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Match report: Aston Villa 1 Newcastle United 2

DEBUT DELIGHT ... Newcastle United's Moussa Sissoko gets away from Aston Villa's Barry Bannan.

DEBUT DELIGHT ... Newcastle United's Moussa Sissoko gets away from Aston Villa's Barry Bannan.

  • by MILES STARFORTH
 

NEVER the easy way. Not Newcastle United.

The 2,000 or so boisterous travelling fans tucked into one corner of Villa Park were put through the mill last night.

They were wrung out by two contrasting halves.

But they left the Midlands feeling a lot happier about their beloved club’s plight.

Manager Alan Pardew led his players to the away end after the final whistle. French Tricolors were raised – as well as arms and clenched fists.

There was a sense that this game, this result, would prove a turning point in a previously desperate season.

Aston Villa looked down and out at the break, out-played, out-fought and out-thought on their own turf by a side seemingly reinvigorated by a fully-fit Yohan Cabaye and new signing Moussa Sissoko.

But United spent the next 45 minutes with their backs pressed firmly against the wall.

This team doesn’t do comfortable victories.

But a win’s a win, and eight months after two goals from Papiss Demba Cisse gave Newcastle a memorable victory over Chelsea at Stamford Bridge, the relegation-threatened club finally claimed another three points on its travels in the Premier League.

And boy did Pardew’s side earn them.

Pardew handed debuts to Sissoko and Yoan Gouffran.

Speaking ahead of the game, Pardew said Sissoko, arguably the club’s most significant transfer-window signing, was keen to put the club’s situation right “on his own”.

And the midfielder’s first decisive act in a black and white shirt was to set up Cisse in the 19th minute with a well-placed through ball which set the striker free.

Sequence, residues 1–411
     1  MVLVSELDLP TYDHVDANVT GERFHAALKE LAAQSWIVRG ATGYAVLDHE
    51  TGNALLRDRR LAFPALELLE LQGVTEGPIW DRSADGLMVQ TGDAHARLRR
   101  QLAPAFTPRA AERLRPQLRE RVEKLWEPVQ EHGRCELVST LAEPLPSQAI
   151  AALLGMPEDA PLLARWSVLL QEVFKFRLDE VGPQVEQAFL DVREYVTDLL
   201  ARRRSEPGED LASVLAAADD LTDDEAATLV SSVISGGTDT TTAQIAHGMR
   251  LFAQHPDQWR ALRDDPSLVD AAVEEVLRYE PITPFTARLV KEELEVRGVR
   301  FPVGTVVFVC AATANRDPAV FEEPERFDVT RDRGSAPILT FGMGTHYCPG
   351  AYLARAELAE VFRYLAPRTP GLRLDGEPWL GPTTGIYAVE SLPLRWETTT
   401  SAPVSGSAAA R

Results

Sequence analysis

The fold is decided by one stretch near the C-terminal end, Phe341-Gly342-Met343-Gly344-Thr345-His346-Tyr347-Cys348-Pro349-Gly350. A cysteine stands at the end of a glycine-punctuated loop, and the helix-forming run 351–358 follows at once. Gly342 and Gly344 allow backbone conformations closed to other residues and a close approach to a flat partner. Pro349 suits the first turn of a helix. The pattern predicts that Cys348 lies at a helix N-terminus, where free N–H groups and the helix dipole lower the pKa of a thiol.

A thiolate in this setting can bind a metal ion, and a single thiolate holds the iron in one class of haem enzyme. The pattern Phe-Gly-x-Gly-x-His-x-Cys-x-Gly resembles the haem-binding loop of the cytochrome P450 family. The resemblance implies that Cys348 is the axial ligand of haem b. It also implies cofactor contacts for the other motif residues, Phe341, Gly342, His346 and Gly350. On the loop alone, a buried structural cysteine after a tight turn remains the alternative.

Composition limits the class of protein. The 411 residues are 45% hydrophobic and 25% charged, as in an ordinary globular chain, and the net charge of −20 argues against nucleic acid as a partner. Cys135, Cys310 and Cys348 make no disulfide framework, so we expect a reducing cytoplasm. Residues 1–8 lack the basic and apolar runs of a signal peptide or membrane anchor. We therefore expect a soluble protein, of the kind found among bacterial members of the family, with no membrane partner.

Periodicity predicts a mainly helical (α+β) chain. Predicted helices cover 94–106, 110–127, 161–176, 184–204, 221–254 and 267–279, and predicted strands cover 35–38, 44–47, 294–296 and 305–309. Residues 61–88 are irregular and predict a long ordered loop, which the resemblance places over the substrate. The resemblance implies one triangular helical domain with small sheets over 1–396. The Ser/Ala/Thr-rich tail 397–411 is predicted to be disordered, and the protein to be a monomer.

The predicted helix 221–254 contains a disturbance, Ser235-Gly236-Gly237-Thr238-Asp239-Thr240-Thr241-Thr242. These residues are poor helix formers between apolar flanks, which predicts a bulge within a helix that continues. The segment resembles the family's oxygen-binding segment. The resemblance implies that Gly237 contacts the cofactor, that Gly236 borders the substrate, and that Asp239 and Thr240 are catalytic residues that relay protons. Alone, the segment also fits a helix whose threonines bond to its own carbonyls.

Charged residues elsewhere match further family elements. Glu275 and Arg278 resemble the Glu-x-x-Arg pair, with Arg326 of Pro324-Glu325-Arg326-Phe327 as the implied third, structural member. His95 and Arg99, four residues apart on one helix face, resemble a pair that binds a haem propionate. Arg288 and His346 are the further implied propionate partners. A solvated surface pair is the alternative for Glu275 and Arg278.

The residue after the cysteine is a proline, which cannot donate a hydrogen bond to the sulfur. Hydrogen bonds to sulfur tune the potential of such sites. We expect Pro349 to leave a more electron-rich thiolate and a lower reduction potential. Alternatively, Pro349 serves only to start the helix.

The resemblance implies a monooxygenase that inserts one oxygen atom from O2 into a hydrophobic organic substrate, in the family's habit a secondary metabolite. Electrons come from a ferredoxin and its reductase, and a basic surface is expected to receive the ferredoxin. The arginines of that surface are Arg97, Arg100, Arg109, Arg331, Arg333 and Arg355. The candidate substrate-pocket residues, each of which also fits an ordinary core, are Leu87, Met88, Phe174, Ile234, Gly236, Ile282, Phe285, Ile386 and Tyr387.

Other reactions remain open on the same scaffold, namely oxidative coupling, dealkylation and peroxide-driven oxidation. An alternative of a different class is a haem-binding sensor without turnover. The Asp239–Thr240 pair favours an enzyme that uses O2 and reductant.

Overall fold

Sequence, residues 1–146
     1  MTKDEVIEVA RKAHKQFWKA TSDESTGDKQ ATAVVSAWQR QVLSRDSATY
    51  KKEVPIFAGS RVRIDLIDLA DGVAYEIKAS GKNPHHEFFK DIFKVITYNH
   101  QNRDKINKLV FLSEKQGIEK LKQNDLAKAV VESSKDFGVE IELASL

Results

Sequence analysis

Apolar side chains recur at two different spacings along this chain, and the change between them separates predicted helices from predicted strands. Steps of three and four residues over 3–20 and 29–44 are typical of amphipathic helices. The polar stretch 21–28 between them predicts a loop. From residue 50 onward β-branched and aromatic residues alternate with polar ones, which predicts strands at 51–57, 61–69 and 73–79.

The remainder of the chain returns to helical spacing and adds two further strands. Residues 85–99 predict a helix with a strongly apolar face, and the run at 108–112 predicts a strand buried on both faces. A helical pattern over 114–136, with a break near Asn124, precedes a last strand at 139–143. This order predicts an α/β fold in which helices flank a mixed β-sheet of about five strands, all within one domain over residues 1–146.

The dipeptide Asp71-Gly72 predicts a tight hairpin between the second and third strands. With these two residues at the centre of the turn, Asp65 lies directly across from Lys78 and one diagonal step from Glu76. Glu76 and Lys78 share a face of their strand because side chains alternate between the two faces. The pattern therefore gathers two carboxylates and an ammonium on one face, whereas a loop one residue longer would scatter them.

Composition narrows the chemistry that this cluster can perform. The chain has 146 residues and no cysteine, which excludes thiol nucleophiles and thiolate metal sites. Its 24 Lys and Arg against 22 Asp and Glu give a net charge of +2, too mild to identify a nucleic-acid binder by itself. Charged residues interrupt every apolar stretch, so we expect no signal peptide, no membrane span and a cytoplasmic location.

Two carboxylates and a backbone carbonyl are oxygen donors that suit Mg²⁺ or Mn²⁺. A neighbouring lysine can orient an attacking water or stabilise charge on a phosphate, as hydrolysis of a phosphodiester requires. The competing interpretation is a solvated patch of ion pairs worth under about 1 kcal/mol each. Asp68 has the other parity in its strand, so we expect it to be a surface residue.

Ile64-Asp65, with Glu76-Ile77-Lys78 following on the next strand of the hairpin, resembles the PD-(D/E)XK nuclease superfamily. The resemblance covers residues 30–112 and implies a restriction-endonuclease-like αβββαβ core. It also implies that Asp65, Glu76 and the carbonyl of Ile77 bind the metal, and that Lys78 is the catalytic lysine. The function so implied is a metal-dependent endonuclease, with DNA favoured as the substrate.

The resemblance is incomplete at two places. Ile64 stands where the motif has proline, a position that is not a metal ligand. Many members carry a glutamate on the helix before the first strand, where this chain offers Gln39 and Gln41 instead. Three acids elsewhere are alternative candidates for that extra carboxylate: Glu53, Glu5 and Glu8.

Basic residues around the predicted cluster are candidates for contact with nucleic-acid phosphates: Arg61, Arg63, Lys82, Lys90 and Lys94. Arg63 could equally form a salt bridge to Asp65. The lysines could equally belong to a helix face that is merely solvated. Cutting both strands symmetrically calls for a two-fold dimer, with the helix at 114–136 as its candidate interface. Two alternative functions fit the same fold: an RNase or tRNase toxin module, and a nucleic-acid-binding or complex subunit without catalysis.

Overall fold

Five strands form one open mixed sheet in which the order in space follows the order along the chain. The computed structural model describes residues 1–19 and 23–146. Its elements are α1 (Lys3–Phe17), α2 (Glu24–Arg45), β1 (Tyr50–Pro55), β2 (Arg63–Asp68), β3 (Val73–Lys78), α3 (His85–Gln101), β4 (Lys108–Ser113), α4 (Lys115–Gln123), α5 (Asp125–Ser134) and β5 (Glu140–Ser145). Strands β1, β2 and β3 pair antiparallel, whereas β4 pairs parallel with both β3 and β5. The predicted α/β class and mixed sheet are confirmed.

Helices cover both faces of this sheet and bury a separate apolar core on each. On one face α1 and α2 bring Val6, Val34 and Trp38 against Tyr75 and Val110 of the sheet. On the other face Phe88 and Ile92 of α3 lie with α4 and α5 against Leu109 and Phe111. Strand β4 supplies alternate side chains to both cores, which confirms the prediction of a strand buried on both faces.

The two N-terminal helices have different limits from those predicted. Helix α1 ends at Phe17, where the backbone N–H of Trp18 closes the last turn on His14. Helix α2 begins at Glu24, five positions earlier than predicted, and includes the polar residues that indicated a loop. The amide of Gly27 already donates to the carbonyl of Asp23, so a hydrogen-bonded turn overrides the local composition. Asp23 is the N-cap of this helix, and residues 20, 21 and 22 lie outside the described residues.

Cisse had earlier put the ball high into the Holte End, the effort summing up his season so far.

But the shot was more like the Cisse of old, the instinctive finisher who couldn’t stop scoring in the second half of last season.

With a coolness of touch, Cisse, under pressure from Nathan Baker, simply rolled the ball past the advancing Brad Guzan and into the bottom left-hand corner of the net.

Earlier, captain Fabricio Coloccini had been fortunate not to give away a penalty when a cross from Christian Benteke appeared to strike his arm as he slid in to make a block.

Former Newcastle winger Charles N’Zogbia also struck the post, but just past the half-hour mark, Newcastle took control of the game.

Jonas Gutierrez swung in a cross which was headed as far as Cabaye – about the last player Villa would have wanted it to fall for – by Ron Vlaar.

Cabaye, stood outside the box, took the ball down with one touch, then volleyed it beyond a helpless Guzan.

It was a stunning, stunning goal, but then again, Cabaye – whose influence on the field was missed during his time in the treatment room – rarely scores tap-ins.

United, with Cabaye and James Perch protecting the back four, were industrious without the ball, and intelligent in possession.

And Cabaye, as ever, was the beating heart of the team.

Villa manager Paul Lambert, chided by the home supporters as he headed for the dressing room at the break, brought on Gabriel Agbonlahor and Andreas Weimann for the second half.

And Agbonlahor, on for Darren Bent, made an immediate impact.

The forward was bundled over in the box by Mathieu Debuchy, and Benteke tucked away the resulting penalty.

The goal lifted Villa Park, and Newcastle, so dominant before the break, were struggled to find their composure. Villa, so shambolic in the first-half, took the game to them.

And Krul, advancing off his line, bravely saved from Weimann during one spell of pressure.

Pardew tried to relieve some of the pressure by sending on striker Shola Ameobi in place of Perch to give his team another outlet up front.

Vurnon Anita followed Ameobi on to the pitch, with United needing some more composure in midfield as tempers, notably that of Gutierrez, became frayed.

Defender Mapou Yanga-Mbiwa came on for his debut late in the game as ball after ball rained in on Newcastle’s defence.

Time and again it was booted away.

And the stoicism that was shown in those dying minutes will have buoyed Pardew as much as the football he saw before the break.

There were half a dozen nationalities on the field, but this team was United in more than just name.

And that bodes well for the coming months.

Twitter: @milesstarforth

 

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